Paul does not describe Jesus’ return as a ‘second coming’, pairing it with the incarnation, but as a ‘descent’, pairing it with the Ascension. There are no ‘signs’; his parousia comes suddenly with a ‘cry of command’. There is no need to identify the ‘trumpet’ with that of Matt 24.31; trumpets were used to call people to worship, announce war, and signal victory. We will be caught up ‘in the clouds’ that signify God’s coming presence, and ‘in the air’ as this is the realm of spiritual power (Eph 2.2). There is no suggestion here that we then return to heaven with Jesus; when the emperor comes to a city, the elders go out to greet him, and they then turn to accompany him into the city to celebrate his parousia, his royal presence there after a long absence. This is not a ‘secret rapture’ but a public vindication; Scripture is clear and consistent: we will ‘reign on (a renewed) earth with him forever’ (Rev 5.10)! 


5. The Millennium? I am all for it! Rev 20.1–6

The thousand-year reign of the saints with Jesus in Rev 20 is one of the most confusing and debated issues in discussion about the ‘end times’. There are postmillennialists, amillennialists, dispensational mid-tribulation rapture premillennialists—the list goes on! Personally, I am a pro-millennialist—I am all for it. Or perhaps I am a pan-millennialist—I think it will all pan out in the end!

We get confused when we treat the sequence of visions in Revelation as a vision of sequences—as a chronology of the ‘end times’, in which John offers us a timetable of the (to him distant) future. This cannot be the case! When John wrote, it was recognised that he was speaking to people he knew and addressing their situation; the text is full of references to real life in the first century. And no-one has ever read this text and said ‘This says nothing to me—it must be about the distant future!’ Rev 22.10 makes this clear; where Daniel has been told to ‘seal up these words’ for a future time (Dan 12.4), John is told ‘Do not seal up these words, for the time is near!’ Just as the four horsemen in chapter 6 describe four aspects of disaster in the world and not a sequence of four separate events, and the three sequences of seals, trumpets, and bowls describe the world in three different ways, so the seven visions John has in chapters 19 to 21 (‘and I saw…’ occurs at the beginning of each at Rev 19.11, 19.17, 19.19, 20.1, 20.4, 20.11, 21.1) offer seven different perspectives on the parousia of Jesus and what it means.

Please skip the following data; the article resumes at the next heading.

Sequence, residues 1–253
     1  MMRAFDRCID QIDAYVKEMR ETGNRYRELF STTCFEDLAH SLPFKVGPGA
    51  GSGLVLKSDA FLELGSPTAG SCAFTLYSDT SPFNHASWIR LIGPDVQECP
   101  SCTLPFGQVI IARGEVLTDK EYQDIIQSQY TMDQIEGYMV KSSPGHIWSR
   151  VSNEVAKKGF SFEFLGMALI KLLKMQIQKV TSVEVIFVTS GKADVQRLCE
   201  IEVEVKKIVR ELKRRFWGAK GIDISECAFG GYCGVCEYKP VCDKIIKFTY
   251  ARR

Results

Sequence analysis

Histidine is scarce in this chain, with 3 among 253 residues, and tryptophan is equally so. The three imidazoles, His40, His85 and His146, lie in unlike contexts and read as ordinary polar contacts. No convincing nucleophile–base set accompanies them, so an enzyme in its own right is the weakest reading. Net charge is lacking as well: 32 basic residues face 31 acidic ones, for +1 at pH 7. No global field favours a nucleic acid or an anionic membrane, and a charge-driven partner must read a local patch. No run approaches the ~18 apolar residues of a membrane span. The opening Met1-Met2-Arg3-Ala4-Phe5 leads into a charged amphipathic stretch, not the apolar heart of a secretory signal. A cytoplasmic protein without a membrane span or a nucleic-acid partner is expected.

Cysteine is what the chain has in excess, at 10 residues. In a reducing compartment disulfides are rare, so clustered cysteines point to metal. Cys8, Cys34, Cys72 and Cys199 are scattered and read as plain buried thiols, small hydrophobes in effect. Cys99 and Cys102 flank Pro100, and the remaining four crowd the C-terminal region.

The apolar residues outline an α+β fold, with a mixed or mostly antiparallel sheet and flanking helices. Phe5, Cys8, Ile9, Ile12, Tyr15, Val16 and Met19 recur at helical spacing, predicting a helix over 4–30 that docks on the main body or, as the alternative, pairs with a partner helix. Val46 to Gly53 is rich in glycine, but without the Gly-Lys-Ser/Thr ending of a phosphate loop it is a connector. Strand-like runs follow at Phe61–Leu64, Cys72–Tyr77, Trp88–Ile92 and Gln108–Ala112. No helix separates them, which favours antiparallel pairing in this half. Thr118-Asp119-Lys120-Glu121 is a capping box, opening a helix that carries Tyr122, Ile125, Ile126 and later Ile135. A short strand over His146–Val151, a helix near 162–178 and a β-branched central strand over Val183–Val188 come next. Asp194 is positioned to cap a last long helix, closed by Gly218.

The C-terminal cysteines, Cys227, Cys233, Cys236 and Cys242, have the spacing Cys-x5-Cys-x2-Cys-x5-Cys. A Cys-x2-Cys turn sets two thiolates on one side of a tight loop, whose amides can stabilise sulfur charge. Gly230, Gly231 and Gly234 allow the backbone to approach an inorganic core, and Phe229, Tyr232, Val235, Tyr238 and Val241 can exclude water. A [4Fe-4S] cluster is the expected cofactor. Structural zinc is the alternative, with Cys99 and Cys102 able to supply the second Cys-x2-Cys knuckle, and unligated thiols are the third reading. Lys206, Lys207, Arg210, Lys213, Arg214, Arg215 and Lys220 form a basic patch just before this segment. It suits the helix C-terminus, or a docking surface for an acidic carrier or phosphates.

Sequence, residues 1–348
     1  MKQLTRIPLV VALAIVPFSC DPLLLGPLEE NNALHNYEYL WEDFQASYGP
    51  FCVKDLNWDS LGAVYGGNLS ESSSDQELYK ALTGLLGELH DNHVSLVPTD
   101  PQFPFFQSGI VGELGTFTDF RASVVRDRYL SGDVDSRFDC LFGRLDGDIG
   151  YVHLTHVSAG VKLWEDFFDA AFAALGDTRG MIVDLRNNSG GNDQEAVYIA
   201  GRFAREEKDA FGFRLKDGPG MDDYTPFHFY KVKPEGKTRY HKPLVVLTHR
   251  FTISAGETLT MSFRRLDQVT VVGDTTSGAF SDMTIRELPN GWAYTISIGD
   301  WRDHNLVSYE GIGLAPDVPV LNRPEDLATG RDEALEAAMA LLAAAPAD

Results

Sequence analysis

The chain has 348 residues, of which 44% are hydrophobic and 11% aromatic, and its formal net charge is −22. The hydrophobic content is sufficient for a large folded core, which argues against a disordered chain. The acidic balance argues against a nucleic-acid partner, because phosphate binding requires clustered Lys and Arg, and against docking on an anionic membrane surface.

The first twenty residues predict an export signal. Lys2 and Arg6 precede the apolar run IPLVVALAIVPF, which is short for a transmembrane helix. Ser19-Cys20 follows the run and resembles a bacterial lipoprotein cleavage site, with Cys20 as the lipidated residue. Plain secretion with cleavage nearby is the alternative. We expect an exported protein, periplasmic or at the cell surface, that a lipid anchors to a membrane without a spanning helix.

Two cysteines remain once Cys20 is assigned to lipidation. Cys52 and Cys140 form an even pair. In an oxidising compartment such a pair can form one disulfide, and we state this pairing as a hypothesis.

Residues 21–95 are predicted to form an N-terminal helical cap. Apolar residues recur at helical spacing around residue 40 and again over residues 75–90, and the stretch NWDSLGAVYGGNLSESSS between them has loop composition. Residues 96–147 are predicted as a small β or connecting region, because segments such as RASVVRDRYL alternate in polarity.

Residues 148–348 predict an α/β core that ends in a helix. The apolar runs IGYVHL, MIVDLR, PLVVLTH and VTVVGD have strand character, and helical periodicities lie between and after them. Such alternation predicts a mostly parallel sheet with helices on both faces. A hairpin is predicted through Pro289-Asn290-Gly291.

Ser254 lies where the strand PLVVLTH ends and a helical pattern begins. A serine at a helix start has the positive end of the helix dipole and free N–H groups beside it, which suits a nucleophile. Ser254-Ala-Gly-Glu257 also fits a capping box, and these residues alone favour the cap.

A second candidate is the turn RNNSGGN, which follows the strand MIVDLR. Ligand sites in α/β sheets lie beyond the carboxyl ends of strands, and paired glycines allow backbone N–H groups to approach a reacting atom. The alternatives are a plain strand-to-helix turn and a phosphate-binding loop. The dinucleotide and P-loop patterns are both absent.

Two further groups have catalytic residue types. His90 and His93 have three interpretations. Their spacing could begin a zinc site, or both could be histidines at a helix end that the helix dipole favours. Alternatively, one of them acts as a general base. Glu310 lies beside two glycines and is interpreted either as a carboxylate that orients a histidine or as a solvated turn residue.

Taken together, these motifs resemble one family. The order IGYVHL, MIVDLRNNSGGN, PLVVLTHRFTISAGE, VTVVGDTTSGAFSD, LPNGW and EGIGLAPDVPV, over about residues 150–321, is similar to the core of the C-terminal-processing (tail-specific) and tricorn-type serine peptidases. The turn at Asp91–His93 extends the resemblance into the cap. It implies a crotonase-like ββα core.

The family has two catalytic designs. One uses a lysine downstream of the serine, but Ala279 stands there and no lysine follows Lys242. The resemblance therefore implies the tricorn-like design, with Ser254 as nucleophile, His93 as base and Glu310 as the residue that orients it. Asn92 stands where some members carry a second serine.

What does this vision, of the thousand years, tell us? First, that God truly has won the victory over Satan and the forces of evil. That victory was won on the cross (‘they have triumphed by the blood of the lamb’ Rev 12.11), and it breaks into the world through lives that honour him, but it will be fully revealed at The End. Second, the saints will be vindicated; those who have suffered most will take pride of place in the new creation. Thirdly, the earth will not be destroyed but renewed—we will reign on earth with him forever. It is a wonderful vision of hope!


6. A new world coming! Rev 21.1–8